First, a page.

Yesterday was the last day of 6th grade for my young one. For seven years now I have been his primary teacher, a role I was not expecting to play but have been privileged to enjoy. This passage of another school year has me thinking about education in all its varieties—homeschool, public school, college, Life. I suppose it’s a train of thought that will roll over some toes, so I’ll get right to the upshot. College isn’t the goal. Career is not the goal. And education is not a necessary evil. It is one of the great inspirations of the modern Western world, a game-changing gift that we entirely take for granted.
Consider: you have been given a quarter of a lifetime to revel in the collected discoveries of the world’s best thinkers. Very little is required of you—no physical labor, no quota of production. Others work so that you can use the most strategic years of your developing mind to drink it all in.
Why do lightning bugs shine? Where did we get words like dawdle, zeitgeist, filibuster? Who invented automobiles?
We read and memorize and recite the strange magic of Shakespeare and Annie Dillard, thrill to the wild stories of Genghis Khan and David Livingstone. We listen in to the Big Ideas of Plato, Luther, Edison; try to get our heads around the words of Jesus; hear the sad tales of glory-hounding humans from Nero to Hitler gone amok. We ask,
How can we prevent atrocities? What marvels are left to discover? What corners of the globe are bucket-listable?
My older kids currently go to a high school which offers the golden opportunity of college credits racking up, but has a decidedly pragmatic approach: chart the highest-earning career path you can devise in seven happy hops. College for the sake of curiosity is out. Lucrative vocational goals are in. Did you know skilled plumbers and electricians are in high demand? Did you know a PhD in history is not the path to riches? Go figure.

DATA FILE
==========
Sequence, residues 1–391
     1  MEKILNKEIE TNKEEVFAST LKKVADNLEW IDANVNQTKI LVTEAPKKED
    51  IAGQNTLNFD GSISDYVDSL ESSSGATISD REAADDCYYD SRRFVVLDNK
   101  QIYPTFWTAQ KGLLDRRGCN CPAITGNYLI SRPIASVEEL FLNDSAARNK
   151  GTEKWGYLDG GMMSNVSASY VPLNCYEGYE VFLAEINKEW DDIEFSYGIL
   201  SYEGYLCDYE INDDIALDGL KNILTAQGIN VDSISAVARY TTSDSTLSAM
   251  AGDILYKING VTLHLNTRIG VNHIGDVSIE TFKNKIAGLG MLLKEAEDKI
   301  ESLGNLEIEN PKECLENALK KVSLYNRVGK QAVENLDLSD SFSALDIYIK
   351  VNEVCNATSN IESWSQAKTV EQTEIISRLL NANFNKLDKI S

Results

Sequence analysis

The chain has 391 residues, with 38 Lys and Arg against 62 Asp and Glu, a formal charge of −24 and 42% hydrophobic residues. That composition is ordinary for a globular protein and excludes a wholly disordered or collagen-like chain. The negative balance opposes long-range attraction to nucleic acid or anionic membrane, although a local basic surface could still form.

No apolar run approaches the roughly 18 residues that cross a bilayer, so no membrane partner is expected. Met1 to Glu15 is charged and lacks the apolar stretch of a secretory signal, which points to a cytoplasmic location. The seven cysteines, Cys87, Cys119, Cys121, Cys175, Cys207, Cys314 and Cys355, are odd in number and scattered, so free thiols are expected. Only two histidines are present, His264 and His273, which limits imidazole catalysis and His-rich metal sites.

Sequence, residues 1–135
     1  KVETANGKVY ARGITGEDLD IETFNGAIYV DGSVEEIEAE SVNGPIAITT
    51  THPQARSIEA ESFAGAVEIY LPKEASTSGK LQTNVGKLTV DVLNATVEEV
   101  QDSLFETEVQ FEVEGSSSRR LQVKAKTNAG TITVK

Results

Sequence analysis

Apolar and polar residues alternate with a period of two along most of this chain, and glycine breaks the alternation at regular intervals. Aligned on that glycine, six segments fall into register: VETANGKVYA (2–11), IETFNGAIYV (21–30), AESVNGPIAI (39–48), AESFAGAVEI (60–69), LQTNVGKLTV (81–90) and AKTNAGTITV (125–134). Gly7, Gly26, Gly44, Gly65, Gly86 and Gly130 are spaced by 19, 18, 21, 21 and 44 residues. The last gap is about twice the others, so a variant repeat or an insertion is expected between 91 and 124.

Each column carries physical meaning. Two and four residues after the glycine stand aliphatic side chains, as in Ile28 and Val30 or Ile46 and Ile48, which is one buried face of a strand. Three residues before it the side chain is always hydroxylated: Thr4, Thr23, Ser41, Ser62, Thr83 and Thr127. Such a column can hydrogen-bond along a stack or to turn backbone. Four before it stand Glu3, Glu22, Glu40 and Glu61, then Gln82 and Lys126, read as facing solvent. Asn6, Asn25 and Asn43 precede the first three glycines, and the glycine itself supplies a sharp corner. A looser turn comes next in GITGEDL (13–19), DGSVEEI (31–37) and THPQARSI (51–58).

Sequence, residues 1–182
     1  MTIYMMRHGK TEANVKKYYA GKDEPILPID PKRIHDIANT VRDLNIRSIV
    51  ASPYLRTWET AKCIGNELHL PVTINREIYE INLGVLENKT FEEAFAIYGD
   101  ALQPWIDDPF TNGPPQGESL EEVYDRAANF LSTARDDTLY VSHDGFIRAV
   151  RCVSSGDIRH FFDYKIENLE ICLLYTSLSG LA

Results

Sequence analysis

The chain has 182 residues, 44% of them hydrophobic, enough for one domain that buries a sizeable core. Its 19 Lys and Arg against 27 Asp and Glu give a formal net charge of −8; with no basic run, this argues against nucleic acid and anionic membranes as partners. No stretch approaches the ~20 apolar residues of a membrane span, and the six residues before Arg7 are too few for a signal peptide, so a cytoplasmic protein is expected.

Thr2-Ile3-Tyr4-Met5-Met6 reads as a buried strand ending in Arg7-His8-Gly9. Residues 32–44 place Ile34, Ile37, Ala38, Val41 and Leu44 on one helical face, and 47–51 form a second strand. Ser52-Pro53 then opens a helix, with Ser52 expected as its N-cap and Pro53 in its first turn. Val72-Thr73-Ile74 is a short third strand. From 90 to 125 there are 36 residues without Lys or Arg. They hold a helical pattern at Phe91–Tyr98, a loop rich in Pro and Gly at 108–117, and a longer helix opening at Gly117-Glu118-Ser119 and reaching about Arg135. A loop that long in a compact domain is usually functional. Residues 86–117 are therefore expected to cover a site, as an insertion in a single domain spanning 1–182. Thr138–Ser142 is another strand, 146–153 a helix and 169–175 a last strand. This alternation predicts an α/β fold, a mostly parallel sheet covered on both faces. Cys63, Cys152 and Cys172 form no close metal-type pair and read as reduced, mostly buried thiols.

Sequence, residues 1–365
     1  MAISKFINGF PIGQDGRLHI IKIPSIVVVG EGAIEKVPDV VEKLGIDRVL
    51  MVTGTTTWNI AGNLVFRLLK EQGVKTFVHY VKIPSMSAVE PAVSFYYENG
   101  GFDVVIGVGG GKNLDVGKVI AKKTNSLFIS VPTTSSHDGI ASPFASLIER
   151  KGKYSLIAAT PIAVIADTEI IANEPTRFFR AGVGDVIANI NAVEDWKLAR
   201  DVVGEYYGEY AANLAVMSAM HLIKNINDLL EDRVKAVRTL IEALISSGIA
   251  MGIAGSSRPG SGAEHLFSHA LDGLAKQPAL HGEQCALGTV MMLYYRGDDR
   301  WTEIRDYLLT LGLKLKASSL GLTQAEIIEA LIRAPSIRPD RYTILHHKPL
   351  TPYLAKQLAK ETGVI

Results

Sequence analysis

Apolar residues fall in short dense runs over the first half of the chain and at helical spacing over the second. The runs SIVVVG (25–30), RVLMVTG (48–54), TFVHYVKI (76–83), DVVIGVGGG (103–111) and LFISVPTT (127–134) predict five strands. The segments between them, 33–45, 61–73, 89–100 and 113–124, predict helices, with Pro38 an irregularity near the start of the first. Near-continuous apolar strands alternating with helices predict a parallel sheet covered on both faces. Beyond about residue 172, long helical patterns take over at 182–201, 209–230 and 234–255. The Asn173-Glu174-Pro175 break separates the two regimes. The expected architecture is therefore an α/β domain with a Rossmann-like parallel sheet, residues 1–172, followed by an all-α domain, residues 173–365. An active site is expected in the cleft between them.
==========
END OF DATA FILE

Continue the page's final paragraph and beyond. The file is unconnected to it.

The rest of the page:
But if it is laughable to think that degrees attained translate to money in the bank, is it also shortsighted to make money the end goal? If it is wrong to rank people by their intellectual achievements, is it also wrong to devalue learning? Maybe we’ve taken a good thing (education) and created a monster of pride, greed, and ambition.
I know a contractor who gets on his knees to clear out crawl spaces. He is aging, a grandfather, and his joints are achy, but this is his job, and he is faithful. This man is one of my heroes—the kindest, gentlest soul. You can sit with him around a dinner table, hear inspiring stories, laugh. He is the salt of the earth. It’s not his degrees that make him remarkable, it is the total package of loving God with all of his mind and heart and aching knees.
I know a pastor working on his third grad-school degree. He reads and writes about forgotten 18th century politicians and preachers, dusting out cobwebby corners of history and excavating beautiful legacies. You might hear a nugget in a sermon time to time, and never bother to read his mountain of work. It’s not his degrees that make him remarkable, it is the total package of loving God with all of his mind and heart and bleary eyes.
So if it’s money you’re after, there are more direct paths than a college lit class. If it’s changing the world you want, you may not need calculus. But if the idea of four more precious years to cram in all of the wonders and dilemmas and innovations of the world makes you catch your breath—if the opportunity to be stretched and challenged and prodded not simply to accept but to think deeply sounds like cold water on a hot day, then why in the world would you not empty your pockets to pursue such an education?
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